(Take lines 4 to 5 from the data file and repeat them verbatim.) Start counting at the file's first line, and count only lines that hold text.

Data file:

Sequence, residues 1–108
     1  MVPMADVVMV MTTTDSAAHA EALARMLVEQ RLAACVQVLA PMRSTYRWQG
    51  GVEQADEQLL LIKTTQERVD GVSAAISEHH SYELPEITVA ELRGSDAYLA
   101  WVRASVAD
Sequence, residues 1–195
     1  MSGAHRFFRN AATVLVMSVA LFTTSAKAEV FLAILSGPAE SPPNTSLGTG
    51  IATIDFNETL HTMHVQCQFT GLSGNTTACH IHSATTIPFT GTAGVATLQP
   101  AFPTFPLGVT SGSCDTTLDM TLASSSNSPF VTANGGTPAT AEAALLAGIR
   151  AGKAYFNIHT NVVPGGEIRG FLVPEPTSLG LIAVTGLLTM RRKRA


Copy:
   101  WVRASVAD
Sequence, residues 1–195